Background: The literature on massage therapy effects on knee pain suggests that pain was reduced based on self-report, but little is known about range of motion (ROM) effects. Methods: Medical School staff and faculty who had knee arthritis pain were randomly assigned to a moderate pressure massage therapy or a waitlist control group (24 per group). Self-reports included the WOMAC (pain, stiffness and function) and the Pittsburgh Sleep Quality Index. ROM and ROM-related pain were assessed before and after the last sessions. Results: The massage group showed an immediate post-massage increase in ROM and a decrease in ROM-associated pain. On the last versus the first day of the study, the massage group showed greater increases in ROM and decreases in ROM-related pain as well as less self-reported pain and sleep disturbances than the waitlist control group. Discussion: These data highlight the effectiveness of moderate pressure massage therapy for increasing ROM and lessening ROM-related pain and long-term pain and sleep disturbances.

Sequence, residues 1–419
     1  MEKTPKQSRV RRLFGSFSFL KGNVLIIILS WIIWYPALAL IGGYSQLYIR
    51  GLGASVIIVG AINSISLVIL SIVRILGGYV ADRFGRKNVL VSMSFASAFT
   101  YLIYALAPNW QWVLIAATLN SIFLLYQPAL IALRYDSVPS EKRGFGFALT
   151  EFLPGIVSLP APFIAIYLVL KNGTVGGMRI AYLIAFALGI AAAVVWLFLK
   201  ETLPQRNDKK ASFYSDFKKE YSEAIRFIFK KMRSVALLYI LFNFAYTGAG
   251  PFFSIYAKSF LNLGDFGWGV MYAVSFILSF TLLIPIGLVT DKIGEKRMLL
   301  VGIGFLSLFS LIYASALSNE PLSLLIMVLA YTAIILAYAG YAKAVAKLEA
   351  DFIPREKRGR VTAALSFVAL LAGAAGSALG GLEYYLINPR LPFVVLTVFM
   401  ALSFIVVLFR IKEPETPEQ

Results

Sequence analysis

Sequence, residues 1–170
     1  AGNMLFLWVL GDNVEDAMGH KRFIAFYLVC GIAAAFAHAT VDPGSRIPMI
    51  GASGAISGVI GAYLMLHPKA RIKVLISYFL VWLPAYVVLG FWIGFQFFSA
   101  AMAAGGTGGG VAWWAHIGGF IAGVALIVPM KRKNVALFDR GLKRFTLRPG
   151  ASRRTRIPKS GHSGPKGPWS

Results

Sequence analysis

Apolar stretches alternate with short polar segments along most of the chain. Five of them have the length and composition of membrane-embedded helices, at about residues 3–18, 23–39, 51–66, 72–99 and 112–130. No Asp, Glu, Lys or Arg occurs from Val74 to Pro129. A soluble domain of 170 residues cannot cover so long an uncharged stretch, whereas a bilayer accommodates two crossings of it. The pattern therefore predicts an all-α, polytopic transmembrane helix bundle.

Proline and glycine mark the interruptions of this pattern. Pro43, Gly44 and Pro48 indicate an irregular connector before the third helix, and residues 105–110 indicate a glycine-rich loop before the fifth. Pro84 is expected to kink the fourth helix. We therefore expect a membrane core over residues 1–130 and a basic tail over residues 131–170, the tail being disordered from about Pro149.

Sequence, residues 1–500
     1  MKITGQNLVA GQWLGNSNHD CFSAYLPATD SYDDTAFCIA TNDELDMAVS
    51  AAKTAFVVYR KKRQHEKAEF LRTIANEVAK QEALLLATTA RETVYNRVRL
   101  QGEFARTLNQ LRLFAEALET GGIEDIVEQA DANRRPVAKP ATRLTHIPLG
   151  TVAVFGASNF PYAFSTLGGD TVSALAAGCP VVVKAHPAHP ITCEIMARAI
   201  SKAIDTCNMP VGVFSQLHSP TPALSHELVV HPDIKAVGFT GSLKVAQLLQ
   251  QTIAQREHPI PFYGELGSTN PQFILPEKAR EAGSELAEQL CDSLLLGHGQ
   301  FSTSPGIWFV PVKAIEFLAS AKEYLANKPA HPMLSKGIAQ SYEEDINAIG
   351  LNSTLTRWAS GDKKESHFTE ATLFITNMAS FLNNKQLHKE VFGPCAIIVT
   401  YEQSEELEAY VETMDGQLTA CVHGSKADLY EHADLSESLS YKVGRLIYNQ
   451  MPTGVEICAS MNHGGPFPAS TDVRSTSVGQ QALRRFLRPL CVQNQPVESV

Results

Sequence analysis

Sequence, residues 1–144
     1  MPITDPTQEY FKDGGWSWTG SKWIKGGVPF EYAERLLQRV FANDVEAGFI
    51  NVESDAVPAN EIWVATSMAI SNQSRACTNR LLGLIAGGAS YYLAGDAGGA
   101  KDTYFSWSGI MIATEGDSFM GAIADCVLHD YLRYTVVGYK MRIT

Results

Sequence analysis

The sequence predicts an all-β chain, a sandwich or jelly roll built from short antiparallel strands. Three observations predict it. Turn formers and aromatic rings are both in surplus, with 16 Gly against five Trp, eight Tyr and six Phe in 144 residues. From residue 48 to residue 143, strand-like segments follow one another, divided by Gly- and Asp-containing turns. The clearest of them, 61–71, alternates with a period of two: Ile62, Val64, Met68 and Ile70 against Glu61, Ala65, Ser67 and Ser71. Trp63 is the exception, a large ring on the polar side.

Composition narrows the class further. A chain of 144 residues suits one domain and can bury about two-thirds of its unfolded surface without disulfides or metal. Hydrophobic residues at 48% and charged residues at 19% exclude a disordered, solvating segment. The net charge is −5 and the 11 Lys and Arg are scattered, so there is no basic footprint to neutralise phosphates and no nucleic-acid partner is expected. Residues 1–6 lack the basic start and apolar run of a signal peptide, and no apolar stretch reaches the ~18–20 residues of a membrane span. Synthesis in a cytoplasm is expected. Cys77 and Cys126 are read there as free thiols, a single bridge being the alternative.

- Knee arthritis pain
- Moderate pressure massage
ASJC Scopus subject areas
- Complementary and alternative medicine